I read for plot - taking notes for obvious plot holes, loose ends, scenes that drag, boring bits, fun bits. ( I'm all for printing it out like Ed suggested but I don't often do it because ink can be expensive. Most times I make a note in parenthesis within the text then to make it stand out I hit the return a few times and make an obvious space between it and the text )

    Then I read it again making sure I have a good idea about the plans in store.
    Now usually I keep my WIP in a folder with each chapter a separate word doc. When I start a new draft I open a new folder in the folder and tack on the title with a number 2 after it. Then I copy and paste the chapter docs in the second folder that way I can rewrite scenes, ditch scenes, copy and paste scenes without it affecting the original draft. Plus by keeping the word docs down to chapters I can keep track of things. And if you want to keep things easier you can name the chapters after incidents that happen -i.e. Chapter 2 - Evan's birthday. This is how I worked my first novel - I gave the chapters titles to keep track of all the incidents.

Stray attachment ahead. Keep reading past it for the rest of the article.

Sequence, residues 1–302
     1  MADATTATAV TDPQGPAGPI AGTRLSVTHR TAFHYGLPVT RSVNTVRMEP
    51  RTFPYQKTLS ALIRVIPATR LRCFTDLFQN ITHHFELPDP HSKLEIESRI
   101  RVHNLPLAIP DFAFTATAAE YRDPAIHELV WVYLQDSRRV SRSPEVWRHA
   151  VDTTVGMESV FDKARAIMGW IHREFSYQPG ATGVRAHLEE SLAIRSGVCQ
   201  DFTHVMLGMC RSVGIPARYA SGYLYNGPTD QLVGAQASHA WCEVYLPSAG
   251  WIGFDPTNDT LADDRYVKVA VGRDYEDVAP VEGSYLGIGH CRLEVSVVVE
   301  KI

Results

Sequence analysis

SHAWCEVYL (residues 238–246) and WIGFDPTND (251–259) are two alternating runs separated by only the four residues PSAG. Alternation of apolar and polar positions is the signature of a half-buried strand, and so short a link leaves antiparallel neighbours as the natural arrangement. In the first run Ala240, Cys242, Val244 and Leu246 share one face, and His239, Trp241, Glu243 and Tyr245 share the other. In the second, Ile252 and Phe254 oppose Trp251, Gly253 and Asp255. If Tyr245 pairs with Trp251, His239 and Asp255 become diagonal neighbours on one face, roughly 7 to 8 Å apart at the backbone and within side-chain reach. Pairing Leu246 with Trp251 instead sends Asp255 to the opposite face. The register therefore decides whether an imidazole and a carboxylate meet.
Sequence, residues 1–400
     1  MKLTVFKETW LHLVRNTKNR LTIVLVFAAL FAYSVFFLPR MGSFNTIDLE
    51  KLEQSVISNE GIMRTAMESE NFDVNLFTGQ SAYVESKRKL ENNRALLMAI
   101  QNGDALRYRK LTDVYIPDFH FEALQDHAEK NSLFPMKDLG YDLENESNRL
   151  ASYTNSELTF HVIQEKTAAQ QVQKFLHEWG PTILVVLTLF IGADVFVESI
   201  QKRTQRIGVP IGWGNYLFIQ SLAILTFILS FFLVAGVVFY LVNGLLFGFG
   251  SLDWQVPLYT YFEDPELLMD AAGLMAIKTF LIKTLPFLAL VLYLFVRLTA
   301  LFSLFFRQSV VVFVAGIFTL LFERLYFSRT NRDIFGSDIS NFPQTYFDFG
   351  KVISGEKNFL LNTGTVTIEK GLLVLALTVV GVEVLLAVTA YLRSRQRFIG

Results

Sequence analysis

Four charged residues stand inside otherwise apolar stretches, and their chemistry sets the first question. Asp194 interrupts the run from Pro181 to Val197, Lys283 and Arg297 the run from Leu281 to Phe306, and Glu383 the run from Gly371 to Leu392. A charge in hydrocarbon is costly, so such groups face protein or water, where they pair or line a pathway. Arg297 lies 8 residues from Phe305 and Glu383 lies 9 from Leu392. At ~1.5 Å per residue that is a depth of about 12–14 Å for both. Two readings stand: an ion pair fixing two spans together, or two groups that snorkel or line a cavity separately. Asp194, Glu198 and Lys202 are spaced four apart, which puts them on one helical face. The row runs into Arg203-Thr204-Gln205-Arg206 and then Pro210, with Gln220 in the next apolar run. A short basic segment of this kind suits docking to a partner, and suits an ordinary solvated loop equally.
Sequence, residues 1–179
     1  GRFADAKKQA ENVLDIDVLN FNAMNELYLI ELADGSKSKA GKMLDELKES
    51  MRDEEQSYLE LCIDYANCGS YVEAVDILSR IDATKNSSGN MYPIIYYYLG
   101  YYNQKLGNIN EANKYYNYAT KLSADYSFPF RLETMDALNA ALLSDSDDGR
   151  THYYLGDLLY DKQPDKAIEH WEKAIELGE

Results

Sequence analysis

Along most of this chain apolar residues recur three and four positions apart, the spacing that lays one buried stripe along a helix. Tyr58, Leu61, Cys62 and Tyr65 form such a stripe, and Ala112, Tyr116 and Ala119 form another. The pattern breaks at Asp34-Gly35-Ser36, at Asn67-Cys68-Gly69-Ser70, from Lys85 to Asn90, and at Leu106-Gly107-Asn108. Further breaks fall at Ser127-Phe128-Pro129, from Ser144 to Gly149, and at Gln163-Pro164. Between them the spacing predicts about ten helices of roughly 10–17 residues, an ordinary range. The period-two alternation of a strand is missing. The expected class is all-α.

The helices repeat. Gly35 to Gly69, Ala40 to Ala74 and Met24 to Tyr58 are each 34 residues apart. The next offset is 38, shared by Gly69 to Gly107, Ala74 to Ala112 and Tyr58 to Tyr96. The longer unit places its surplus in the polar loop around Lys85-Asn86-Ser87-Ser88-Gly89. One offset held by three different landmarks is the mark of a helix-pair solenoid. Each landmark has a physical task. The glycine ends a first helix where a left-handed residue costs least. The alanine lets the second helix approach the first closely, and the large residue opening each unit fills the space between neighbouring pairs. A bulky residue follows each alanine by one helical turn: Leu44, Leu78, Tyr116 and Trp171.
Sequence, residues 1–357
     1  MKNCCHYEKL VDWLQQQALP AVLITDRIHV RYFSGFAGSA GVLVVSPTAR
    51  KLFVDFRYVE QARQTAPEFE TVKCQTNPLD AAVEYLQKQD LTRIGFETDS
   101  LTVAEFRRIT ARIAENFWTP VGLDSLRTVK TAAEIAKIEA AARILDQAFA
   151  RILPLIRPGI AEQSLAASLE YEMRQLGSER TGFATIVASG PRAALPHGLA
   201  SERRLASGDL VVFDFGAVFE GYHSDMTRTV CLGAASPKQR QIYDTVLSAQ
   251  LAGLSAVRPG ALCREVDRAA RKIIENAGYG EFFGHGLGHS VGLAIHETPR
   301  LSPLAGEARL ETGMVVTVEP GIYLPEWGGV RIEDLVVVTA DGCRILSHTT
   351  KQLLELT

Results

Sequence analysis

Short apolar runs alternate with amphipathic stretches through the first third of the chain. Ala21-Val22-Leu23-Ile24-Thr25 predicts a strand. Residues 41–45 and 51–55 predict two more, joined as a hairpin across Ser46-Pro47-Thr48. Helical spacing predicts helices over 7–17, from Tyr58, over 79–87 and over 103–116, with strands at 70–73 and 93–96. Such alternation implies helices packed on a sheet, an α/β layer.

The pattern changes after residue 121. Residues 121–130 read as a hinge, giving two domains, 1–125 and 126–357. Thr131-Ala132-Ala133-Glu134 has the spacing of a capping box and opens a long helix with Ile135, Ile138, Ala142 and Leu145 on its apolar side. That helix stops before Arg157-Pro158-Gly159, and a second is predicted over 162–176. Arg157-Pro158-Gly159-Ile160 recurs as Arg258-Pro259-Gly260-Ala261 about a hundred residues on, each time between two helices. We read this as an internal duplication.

9. Rob Rowntree
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    Rob Rowntree Member

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    That's really great advice.
     
  10. Rob Rowntree
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    Rob Rowntree Member

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    Both EdFromNY and peachalulu have illustrated how to deal with your first draft. It's the same for all of us, to quote Larry Niven 'Everyone talks first draft, but nobody shows it.' (that might not be his exact words) It's called a vomit draft for a reason. I have edited until I hate my work and never wanted to see it again.